The Commonwealth Ombudsman has called on the Department of Home Affairs to reduce the number of people in Australian onshore detention centres – particularly those detainees with underlying health issues – to effectively achieve social distancing within the facilities.
Yesterday, Wednesday 2 July, the Ombudsman released findings from its investigation into the management of COVID-19 risks, which found detention numbers had increased during the pandemic.
In response to the reports, the Public Interest Advocacy Centre (PIAC) urged the Australian Government to take up the Ombudsman’s recommendation to reduce numbers in the “overcrowded” detention centres.
PIAC’s asylum seeker health rights project lead, Jane Leibowitz, said the women and men in detention centres were already unable to effectively practise social distancing, which put them at an “unacceptably high risk” of contracting the virus.
“It is deeply worrying that the department continues to ignore public health advice,” Ms Leibowitz said.
“Not only has the department failed to reduce the numbers of people in detention centres, they have allowed them to increase.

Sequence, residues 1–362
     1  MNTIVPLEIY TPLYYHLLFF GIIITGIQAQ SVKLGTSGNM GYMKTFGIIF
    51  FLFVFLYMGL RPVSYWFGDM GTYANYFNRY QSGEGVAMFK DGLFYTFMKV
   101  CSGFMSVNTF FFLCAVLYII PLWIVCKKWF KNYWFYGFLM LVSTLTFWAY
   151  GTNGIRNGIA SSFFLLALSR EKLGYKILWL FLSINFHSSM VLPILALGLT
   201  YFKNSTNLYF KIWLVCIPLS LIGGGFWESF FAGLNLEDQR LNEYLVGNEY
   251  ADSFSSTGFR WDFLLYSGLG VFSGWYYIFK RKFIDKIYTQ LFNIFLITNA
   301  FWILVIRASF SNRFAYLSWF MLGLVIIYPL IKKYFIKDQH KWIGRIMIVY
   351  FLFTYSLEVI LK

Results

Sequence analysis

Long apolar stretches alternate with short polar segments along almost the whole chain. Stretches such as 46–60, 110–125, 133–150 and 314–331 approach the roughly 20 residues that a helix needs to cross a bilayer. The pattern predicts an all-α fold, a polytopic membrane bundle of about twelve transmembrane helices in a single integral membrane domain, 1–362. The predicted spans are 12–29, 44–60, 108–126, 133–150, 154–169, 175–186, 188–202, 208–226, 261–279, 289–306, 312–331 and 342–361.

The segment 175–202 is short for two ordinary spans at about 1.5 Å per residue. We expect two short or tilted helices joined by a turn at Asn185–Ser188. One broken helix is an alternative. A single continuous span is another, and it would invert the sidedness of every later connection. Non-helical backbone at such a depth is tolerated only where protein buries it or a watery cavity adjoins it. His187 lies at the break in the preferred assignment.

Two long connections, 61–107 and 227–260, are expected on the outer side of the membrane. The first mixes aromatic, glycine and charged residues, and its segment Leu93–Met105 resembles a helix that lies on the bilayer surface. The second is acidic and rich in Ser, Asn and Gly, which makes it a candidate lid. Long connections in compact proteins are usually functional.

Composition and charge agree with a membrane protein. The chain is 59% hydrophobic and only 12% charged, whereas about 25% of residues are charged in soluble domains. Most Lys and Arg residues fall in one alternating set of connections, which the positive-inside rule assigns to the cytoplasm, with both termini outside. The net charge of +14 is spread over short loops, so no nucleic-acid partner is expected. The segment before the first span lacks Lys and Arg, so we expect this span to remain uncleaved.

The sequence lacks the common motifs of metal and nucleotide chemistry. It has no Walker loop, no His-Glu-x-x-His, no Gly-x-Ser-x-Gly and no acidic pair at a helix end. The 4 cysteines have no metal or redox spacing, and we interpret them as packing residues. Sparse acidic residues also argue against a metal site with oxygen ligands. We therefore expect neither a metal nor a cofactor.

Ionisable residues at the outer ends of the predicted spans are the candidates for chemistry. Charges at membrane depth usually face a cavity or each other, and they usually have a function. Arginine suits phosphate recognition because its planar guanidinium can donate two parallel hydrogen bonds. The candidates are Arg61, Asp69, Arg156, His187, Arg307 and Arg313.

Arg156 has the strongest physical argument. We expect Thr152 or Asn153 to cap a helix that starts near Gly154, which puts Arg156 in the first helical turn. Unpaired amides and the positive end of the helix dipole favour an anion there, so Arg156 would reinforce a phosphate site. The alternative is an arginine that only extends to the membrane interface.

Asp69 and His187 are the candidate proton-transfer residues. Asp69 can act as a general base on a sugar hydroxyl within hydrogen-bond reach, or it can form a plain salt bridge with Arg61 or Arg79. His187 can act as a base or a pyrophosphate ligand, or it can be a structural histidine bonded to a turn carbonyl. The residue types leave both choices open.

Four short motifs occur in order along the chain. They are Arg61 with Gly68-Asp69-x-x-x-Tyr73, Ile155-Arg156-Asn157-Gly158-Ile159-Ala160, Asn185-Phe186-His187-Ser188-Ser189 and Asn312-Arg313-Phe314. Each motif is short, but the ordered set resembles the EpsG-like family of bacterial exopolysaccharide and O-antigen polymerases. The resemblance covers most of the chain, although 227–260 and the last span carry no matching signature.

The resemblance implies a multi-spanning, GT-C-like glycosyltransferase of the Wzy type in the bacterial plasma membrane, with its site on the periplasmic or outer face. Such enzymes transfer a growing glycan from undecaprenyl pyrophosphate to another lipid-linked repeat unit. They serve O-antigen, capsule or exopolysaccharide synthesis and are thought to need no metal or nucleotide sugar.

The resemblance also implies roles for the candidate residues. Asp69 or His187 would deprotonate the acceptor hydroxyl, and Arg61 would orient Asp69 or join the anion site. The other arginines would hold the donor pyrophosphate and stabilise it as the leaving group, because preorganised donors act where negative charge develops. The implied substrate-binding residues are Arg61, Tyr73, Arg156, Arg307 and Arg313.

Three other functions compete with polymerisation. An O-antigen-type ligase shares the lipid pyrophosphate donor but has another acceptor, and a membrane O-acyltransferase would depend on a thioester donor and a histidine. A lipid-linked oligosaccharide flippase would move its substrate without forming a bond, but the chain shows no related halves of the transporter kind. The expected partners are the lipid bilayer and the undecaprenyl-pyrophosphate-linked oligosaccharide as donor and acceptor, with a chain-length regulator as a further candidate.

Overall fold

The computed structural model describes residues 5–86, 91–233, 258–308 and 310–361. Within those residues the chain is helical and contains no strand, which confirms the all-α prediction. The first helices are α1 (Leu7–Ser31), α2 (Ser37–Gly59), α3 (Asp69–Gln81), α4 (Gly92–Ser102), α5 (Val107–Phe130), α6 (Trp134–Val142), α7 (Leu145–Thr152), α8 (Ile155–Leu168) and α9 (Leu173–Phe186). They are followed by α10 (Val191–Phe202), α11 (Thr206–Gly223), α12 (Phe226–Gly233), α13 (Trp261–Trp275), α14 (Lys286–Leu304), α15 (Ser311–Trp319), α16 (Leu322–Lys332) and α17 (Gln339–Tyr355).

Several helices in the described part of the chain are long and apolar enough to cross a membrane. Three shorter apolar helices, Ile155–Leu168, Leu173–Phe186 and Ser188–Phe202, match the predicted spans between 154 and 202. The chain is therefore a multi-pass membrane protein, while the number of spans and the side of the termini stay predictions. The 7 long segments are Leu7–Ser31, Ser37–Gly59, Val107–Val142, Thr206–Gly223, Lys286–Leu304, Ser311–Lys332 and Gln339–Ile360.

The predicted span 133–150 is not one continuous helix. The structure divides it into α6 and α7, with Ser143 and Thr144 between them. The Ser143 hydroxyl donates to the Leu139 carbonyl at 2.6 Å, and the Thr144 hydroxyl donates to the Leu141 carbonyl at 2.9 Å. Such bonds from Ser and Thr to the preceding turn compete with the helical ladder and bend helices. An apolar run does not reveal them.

“This flies in the face of medical experts and practices in other closed environments.
“The pandemic may be easing, but in crowded detention environments, even a single case could prove catastrophic for detainees, staff and the broader community,” she said.
PIAC lodged a complaint with the Ombudsman on behalf of 14 men in onshore detention facilities in May.
Ms Leibowitz said the men who made the complaint were unable to follow the public health advice to practise social distancing in crowded, shared facilities and had specific health conditions that increased their risk of serious harm in the event of an outbreak.
The complaint called for an urgent inspection of immigration detention facilities and alternative places of detention, to examine the conditions and measures taken to mitigate and manage the risks posed by COVID-19 to detainees and staff.
“The government has a duty of care to those it detains,” Ms Leibowitz said.
“Infectious disease specialists have clearly advised that the best way to prevent significant transmission is to reduce the number of people in detention; the Ombudsman is now making the same critical recommendation.
“Despite the measures outlined by the Ombudsman today, our clients tell us that they are still sleeping several people to a room and using shared facilities such as kitchens and bathrooms.
“Without a considerable reduction in the detention population, the public health recommendations simply cannot be met.
“The most effective way to reduce the serious health threat to immigration detainees, staff and the community, is to transfer people out of held immigration detention into appropriate community accommodation where possible, as a matter of urgency,” Ms Leibowitz said.
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